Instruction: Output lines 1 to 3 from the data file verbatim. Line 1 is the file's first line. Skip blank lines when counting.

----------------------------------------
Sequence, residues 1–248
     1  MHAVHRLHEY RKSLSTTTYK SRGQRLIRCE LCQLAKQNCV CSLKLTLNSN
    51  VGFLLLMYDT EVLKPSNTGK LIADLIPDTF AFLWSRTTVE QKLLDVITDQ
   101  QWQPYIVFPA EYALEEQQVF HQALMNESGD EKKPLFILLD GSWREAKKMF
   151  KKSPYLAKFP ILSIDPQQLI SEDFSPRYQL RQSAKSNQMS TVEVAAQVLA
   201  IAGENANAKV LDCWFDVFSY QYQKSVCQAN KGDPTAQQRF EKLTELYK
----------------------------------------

Sequence, residues 1–248
     1  MHAVHRLHEY RKSLSTTTYK SRGQRLIRCE LCQLAKQNCV CSLKLTLNSN
    51  VGFLLLMYDT EVLKPSNTGK LIADLIPDTF AFLWSRTTVE QKLLDVITDQ